July 23, 2012 at 11:10 AM · "All we've got is a 6-stubby beer holder that can be tied to the gear stick with fencing wire."

That's all anyone really needs, right? Americans have just gotten caught up in wretched excess. ;-)

Ashkan, contact Coggins if you want to know more about Australian makers. He literally "wrote the book" on the subject.

July 23, 2012 at 08:13 PM ·

Oh, Burgess ... finally I found this page! I reply to your "curious and very personal questions." Naaay, I'm still a woman ... and I'm still beauty!

As many hot mediterranean men says ...

By the way, let's talk about serious things, as this

discussion goes so far.

What about E. Blot, What you suggest, David? You are so

wellkowed and rewarded, pretty close to the most important

maker in the world, but E.Blot more than you, or not?

What your impressions about him?

He's not Cremonese! Ethier not Italian!

July 23, 2012 at 08:21 PM · Here's also Lindon! I have this urgent message to send.

"Bissolotti is here, in fromt of the PC, he say...I can work for a quarter, less than Lyndon..."

July 23, 2012 at 11:14 PM · "Naaay, I'm still a woman ... and I'm still beauty!

As many hot mediterranean men says ..."

Antonia, thank you for your personal ad, and the flattering words. Unfortunately, I think you're a bit of a nut-case, so the Mediterranean men can keep you. ;-)

What's my impression of E. Blot? I think he's a nice guy, but I probably won't be dating him either.

July 24, 2012 at 04:21 AM · But no, dear Burgess, are you that the other page (you already forgotten?) Asked me if I was a woman! Do not you recognize the names famminili by men? Mah ... So tell me Blot is a good guy (?) .... So you are convinced that you are the supermen of violin-making world! Well ... let's say you're a little 'GASSED.

July 24, 2012 at 04:27 AM · But no, dear Burgess, are you that the other page (you already forgotten?) Asked me if I was a woman! Do not you recognize the names famminili by men? Mah ... So tell me Blot is a good guy (?) .... So you are convinced that you are the supermen of violin-making world! Well ... let's say you're a little 'GASSED.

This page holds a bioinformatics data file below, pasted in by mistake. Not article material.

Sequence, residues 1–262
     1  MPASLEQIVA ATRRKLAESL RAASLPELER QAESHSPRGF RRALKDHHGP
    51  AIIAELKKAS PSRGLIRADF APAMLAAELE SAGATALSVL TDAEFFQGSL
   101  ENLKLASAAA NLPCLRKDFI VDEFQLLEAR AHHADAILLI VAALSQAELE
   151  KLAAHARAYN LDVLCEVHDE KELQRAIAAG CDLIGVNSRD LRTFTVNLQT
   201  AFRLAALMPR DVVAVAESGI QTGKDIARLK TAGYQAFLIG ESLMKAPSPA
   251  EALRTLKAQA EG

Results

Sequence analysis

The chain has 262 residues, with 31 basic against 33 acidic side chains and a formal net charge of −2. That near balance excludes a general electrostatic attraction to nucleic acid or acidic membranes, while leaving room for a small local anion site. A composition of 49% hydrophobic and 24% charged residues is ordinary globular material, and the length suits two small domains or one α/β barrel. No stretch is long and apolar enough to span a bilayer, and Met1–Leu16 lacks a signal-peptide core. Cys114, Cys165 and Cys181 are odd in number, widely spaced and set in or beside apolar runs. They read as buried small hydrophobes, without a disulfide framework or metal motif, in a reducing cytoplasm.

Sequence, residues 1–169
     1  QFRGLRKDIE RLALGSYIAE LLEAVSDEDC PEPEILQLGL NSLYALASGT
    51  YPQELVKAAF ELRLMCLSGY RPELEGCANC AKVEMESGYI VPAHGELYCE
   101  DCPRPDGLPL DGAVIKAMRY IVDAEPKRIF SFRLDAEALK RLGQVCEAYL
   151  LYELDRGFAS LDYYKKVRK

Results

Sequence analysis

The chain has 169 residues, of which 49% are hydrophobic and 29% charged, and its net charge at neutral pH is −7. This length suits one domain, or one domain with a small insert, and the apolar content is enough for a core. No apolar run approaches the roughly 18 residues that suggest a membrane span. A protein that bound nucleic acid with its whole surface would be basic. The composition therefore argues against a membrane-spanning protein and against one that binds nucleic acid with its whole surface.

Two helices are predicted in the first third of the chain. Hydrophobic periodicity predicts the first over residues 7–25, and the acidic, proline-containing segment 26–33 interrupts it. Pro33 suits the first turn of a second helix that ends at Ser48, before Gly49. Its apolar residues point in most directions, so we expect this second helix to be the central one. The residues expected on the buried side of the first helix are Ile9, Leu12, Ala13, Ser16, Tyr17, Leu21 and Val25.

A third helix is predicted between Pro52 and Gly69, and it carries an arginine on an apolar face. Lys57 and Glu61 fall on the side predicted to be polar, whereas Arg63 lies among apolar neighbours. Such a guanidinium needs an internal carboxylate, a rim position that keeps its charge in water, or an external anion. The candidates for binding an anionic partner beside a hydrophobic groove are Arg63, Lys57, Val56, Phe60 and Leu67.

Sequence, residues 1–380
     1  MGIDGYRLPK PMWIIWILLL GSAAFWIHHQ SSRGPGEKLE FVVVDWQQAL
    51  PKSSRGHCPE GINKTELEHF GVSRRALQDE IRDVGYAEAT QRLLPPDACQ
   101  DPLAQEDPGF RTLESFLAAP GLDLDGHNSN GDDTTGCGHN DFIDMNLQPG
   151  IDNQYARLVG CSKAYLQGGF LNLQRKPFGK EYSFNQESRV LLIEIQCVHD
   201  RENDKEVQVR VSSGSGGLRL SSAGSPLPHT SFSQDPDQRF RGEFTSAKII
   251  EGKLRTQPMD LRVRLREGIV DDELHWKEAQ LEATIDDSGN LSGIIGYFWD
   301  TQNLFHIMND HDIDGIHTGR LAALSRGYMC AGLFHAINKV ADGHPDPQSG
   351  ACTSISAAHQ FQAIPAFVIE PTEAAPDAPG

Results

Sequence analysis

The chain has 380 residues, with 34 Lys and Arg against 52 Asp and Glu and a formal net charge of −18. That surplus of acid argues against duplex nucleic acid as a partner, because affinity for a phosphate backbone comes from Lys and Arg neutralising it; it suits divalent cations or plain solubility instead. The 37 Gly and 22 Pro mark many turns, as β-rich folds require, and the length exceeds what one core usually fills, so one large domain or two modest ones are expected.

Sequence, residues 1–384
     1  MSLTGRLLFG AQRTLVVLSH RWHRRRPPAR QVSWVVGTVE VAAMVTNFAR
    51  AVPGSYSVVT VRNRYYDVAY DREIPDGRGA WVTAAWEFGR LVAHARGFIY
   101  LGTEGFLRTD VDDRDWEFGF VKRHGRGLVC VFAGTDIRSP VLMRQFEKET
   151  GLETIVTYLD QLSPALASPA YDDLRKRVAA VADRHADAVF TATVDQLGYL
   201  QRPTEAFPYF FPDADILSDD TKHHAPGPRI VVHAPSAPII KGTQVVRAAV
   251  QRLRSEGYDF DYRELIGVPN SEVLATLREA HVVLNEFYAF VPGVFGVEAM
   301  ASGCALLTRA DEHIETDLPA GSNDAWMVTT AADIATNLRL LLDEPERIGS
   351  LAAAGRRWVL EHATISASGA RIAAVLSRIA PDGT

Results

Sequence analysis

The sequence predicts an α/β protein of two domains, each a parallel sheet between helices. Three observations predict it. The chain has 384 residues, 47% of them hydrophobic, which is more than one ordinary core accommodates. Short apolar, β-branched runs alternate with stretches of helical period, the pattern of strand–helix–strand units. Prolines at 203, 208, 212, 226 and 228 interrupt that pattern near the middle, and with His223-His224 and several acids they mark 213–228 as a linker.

July 24, 2012 at 04:28 AM · To you, Lyndon, I asked to talk about women .... (I know you like them) but I repeat my question for you:

Bissolotti is here in fromt of the PC, he can say ... I work for a quarter, less than Lyndon ... (do not expect is old and it is so much ...)

July 24, 2012 at 10:40 AM · I think we're being stalked!

Dear Ms. Mazzocchi;

I did not ask if you are a man or a woman, nor am I interested in finding out. I already had plenty of "find out" propositions like that from the "girls" with deep voices on Hollywood Boulevard, when I lived in that area. LOL

If it is a date with Superman you are seeking, you would do better by looking in the city of Metropolis, or checking inside phone booths.

I'm relieved that you recall I was gassed on our first and only date. Since you are already aware of the issue, I will suggest taking care of your flatulence problem before attempting to occupy a phone booth with Superman. ;-)

July 24, 2012 at 10:56 AM · For those of you who are "less aware," take a look at the following.

VSA past winners.

Mr. Burgess is banned from the VSA competition because he has won so many times. If he says something about violins or makers, I think it is safe to say, the information is from a reliable source. His toasters on the other hand, are less reputable.

July 24, 2012 at 11:22 AM · "So you are convinced that you are the supermen of violin-making world! "

As nobody else can fit bridges like him. Try out Antonia!

David how about a toaster video?

July 24, 2012 at 12:19 PM · Raphael is here in front of his PC. He will gladly work for a quarter less than Perlman! He is currently accepting solo engagements for the coming season, and will throw in a free toster to each concert presenter. (Sorry, but my toasters are factory refurbished!)

July 24, 2012 at 01:45 PM · BECK is here but wouldn't touch a PC with a barge-pole. It's Apple/Mac for him, folks, and he don't work no more. Too old.

He willl go back to warming up his Tonarelli violin now. Batteries not included, no mains adapter either. Ate his last toast 2 hours ago.

July 24, 2012 at 08:09 PM · too cocky ... burgess... what 'is not good!

July 24, 2012 at 08:36 PM · What is not good is this:

I’m still not convinced that you truly love me. I’ve seen it before… people confusing love, with the feelings they get from using my "boudoir" product line of Sawzall (reciprocating saw) attachments, so I need to be very cautious with regular purchasers.

How can I be sure?

July 24, 2012 at 09:13 PM · I think that if Antonia will buy a toaster from you, you can rest assured that this is the real deal!


July 24, 2012 at 11:04 PM · hahaha the bridge fitting! how can you do that with a stradivari! haha!

edit: more bridge fitting! I don't say that often but I lol

July 25, 2012 at 09:53 AM · Ciao Antonia!

David Burges is a regular contributor here and gives helpfull advice to players and makers.

I hope you will contribute to raise the level of our discussions here with your expertise as a player or maker, or both.

Grazie tante!

July 25, 2012 at 11:36 AM · Hi Simon;

I thought the second bridge-fitting video was funnier too.

Direct Link To The Second Video in case anybody's curious, and doesn't understand what all the Sawzall jokes are all about.